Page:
In Lean, some definitions must be marked as noncomputable, for example if they depend on the law of the excluded middle or other nonconstructive choice principles. Usually, the reason for noncomputability is obvious. Occasionally, however, Lean will tell me that something must be marked as noncomputable even though it seems perfectly constructive to me. The example that I am facing at the moment involves long and complicated definitions spread over a number of files, so I cannot give a self-contained explanation here. Are there good general methods for diagnosing this kind of issue?

  • 3
    $\begingroup$ "Occasionally, however, Lean will tell me that something must be marked as noncomputable even though it seems perfectly constructive to me" - can you include the exact message it uses when it tells you this? $\endgroup$
    – Eric
    Commented May 16, 2022 at 16:50

2 Answers 2


The purpose of the noncomputability checker is to (try to) determine whether or not the VM compiler will succeed in making executable bytecode, which can be evaluated more efficiently (by #eval for instance). One thing to keep in mind is that "computability" is not a property that's verified by the Lean kernel, so if you're not planning on evaluating your definitions, the easiest thing to do is to just put noncomputable theory at the top of your modules :-). Lean will still compile definitions that pass the noncomputability checker when in this mode -- it just won't complain at you if you neglect to annotate noncomputable definitions with noncomputable.

That said, there are a few tricks to get things to be computable. Overall, what the noncomputability checker is trying to do is determine whether there is a noncomputable function being used within the computationally relevant part of the definition. The following are computationally irrelevant: anything that is Prop-valued (that includes set), anything that is Type-valued, proofs, and the parameters/indices that are the first arguments to a recursor or a constructor. (Note that a definition can depend on the law of the excluded middle and still be computable -- the way it usually would be noncomputable is if you're depending on the classical decidable instance for em in the computationally relevant part of the definition.)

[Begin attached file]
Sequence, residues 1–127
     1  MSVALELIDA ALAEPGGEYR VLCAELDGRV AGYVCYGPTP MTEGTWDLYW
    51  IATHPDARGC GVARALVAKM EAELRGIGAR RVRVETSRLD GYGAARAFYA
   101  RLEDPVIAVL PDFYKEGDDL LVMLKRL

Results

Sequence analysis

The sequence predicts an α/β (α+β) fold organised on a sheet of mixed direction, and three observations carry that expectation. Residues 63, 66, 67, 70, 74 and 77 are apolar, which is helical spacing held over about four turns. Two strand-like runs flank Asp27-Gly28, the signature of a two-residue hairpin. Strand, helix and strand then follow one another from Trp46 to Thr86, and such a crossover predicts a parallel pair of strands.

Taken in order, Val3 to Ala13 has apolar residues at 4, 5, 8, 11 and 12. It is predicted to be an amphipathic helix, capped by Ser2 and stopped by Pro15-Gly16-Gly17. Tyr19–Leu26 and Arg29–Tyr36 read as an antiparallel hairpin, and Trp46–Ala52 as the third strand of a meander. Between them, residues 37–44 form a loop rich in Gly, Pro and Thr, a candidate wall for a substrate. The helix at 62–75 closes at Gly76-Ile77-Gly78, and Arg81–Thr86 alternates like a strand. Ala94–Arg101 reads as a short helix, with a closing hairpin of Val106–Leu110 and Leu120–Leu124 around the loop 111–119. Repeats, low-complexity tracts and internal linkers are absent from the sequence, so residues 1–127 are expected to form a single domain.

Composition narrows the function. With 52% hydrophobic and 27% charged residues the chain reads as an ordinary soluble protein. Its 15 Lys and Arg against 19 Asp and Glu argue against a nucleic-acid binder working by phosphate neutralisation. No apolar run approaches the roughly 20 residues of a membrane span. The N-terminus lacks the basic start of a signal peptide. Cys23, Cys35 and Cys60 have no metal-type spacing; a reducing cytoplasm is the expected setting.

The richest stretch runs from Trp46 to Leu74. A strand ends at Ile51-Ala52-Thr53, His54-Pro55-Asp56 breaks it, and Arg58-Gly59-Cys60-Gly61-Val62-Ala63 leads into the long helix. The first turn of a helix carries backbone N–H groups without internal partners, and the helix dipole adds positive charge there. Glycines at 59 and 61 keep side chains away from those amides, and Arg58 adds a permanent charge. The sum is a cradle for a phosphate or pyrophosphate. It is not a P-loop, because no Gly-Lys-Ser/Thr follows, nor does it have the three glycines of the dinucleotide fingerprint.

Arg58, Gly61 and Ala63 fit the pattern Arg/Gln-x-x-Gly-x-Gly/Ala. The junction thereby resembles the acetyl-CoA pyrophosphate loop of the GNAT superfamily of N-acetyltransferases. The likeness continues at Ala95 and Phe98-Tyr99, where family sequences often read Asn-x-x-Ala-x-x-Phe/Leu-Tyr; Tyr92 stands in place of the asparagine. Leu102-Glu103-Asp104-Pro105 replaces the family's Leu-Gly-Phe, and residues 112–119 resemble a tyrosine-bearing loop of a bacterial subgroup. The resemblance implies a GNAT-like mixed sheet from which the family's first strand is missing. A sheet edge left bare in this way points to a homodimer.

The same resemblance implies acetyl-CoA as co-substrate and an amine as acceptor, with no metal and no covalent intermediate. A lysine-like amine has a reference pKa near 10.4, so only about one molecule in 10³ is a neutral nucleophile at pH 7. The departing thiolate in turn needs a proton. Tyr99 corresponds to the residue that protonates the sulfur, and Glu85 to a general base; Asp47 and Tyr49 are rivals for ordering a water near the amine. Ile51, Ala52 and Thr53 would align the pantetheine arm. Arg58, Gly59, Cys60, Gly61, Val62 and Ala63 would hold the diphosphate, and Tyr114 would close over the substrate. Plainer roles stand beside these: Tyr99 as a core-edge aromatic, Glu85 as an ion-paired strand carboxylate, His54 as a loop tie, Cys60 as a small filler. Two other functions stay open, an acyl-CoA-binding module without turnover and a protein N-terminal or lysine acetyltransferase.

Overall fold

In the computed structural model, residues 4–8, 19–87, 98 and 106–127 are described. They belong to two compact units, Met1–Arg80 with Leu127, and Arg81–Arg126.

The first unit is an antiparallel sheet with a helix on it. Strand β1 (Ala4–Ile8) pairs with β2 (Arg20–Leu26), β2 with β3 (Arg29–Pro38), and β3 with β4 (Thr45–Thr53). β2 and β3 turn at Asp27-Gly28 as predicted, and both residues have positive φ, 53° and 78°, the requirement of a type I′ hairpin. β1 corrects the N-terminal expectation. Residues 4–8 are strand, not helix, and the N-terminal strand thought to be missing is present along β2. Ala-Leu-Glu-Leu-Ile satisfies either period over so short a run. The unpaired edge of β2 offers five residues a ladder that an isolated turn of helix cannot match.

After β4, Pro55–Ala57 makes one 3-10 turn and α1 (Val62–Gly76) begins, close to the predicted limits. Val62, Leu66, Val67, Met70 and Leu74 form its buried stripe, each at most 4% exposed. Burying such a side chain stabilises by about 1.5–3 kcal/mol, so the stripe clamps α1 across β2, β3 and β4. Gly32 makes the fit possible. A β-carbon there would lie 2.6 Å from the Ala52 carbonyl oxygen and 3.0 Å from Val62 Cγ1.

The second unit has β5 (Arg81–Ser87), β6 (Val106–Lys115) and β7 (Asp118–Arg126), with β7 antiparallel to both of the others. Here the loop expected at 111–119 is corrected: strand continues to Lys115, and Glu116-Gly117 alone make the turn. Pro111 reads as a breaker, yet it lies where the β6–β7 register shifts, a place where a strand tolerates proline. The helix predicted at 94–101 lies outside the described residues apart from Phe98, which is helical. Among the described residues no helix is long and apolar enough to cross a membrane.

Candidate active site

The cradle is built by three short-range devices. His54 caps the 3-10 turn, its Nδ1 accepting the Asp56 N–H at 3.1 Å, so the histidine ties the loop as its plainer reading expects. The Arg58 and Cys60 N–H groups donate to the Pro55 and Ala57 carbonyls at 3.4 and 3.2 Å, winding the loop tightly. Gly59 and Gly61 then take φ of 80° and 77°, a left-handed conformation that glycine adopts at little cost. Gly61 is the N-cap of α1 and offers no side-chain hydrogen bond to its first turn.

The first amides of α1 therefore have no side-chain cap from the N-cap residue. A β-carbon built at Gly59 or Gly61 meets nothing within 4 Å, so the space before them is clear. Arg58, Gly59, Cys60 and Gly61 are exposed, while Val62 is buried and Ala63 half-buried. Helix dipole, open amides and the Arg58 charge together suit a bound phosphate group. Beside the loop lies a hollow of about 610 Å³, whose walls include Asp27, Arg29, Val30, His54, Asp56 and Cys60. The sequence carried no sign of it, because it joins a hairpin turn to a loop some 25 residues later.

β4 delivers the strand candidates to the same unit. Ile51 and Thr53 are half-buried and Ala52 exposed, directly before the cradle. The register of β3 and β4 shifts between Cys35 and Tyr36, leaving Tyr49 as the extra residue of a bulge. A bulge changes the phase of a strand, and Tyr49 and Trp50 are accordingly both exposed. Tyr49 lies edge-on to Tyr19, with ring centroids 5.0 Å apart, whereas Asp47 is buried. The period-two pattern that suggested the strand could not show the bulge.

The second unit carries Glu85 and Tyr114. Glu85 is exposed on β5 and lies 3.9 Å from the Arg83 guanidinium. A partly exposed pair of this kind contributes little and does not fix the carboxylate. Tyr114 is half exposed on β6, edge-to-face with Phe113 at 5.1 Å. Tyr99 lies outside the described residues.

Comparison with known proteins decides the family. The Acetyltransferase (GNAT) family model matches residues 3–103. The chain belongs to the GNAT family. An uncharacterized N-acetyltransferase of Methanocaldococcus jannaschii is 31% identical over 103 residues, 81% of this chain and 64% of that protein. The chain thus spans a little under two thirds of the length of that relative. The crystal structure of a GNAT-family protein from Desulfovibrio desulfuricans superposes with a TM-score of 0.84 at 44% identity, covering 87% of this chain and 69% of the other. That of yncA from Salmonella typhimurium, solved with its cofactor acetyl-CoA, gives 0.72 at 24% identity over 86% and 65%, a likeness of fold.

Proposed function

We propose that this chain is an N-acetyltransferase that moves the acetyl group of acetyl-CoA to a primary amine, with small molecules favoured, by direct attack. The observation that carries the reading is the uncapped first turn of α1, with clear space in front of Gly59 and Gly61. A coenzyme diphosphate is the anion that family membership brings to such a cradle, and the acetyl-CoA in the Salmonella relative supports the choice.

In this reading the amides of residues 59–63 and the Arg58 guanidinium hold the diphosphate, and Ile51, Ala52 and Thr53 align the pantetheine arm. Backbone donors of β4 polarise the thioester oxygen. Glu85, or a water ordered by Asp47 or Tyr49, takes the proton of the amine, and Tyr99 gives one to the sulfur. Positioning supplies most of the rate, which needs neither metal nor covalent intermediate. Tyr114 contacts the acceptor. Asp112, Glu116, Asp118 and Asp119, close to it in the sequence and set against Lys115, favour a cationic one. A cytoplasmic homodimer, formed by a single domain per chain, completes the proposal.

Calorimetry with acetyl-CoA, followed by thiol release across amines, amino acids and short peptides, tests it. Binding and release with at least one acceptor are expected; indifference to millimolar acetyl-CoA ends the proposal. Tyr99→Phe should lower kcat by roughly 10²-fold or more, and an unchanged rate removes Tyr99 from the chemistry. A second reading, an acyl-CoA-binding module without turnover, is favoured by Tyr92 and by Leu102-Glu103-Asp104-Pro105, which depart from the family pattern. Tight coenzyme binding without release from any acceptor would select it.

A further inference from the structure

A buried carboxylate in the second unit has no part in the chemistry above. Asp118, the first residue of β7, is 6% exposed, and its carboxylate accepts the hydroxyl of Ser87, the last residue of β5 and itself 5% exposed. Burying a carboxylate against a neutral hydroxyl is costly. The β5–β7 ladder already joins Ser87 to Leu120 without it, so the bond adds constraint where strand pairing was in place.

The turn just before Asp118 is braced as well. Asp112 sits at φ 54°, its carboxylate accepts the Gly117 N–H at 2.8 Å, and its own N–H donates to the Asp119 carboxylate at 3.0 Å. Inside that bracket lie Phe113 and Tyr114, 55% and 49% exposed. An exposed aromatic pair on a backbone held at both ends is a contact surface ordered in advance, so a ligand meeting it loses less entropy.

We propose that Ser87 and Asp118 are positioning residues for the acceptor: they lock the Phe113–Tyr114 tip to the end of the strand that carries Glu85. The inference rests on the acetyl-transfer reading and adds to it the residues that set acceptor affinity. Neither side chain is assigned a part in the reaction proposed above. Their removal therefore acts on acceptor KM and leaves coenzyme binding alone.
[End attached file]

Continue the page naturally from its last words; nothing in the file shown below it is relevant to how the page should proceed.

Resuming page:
Sometimes there are functions that use noncomputable arguments in a computationally irrelevant way. You can try using the @[inline] attribute for this since the noncomputability checker will inline definitions with this attribute while checking.

Sometimes it's that you're accidentally using a theorem/lemma instead of a def. Only def's are compiled, so technically theorems are noncomputable (in the next release of Lean 3 there will be a more user-friendly error message for this).

Sometimes it's that you're using a noncomputable instance somewhere. If you can figure out what it is, you can write a computable instance for the given types. The @[inline] trick can also be useful here if those instances aren't used in a computationally relevant way. (This shows up in mathlib for some constructors for homomorphisms, though while these constructors are computable, they're not really usefully computable.)

  • $\begingroup$ Indeed, the problem was just a lemma that should have been changed to def when I modified it to return a witness rather than a bare existential statement. $\endgroup$ Commented May 16, 2022 at 17:06

(assuming Lean 3): There is a command called environment.decl_noncomputable_reason in Lean 3.35c or later that may help you diagnose the reason for noncomputability, or at least the declaration in question, it can be used as follows

open tactic
def aa := 1
noncomputable theory
def bb := aa
run_cmd do
  e ← get_env,
  trace $ e.decl_noncomputable_reason ``bb -- (some aa)

Using this hopefully you can find the location of the mismatch, and update the question with more info if needed.

  • $\begingroup$ Since it's not documented: it returns the declaration name itself if it's a theorem, since theorems are inherently noncomputable. $\endgroup$ Commented May 16, 2022 at 16:47
  • 1
    $\begingroup$ Note this shouldn't be necessary to use explicitly; the error message that says "missing noncomputable" already tells you what the reason is. $\endgroup$
    – Eric
    Commented May 16, 2022 at 16:49
  • $\begingroup$ @Eric good point, maybe the only relevant part of my answer is to be sure to use Lean 3.35 or greater then! $\endgroup$ Commented May 16, 2022 at 22:45
  • $\begingroup$ I don't think you need such a recent version; that version just happens to be the one where I exposed the C++ API to tactic code. The behavior of showing the reason predates that. Perhaps only the community release has it though... $\endgroup$
    – Eric
    Commented May 16, 2022 at 22:56
  • 1
    $\begingroup$ @Eric That is an old feature, dating to the official release: github.com/leanprover/lean/blob/master/src/frontends/lean/… $\endgroup$ Commented May 17, 2022 at 13:14

Your Answer

By clicking “Post Your Answer”, you agree to our terms of service and acknowledge you have read our privacy policy.

Not the answer you're looking for? Browse other questions tagged or ask your own question.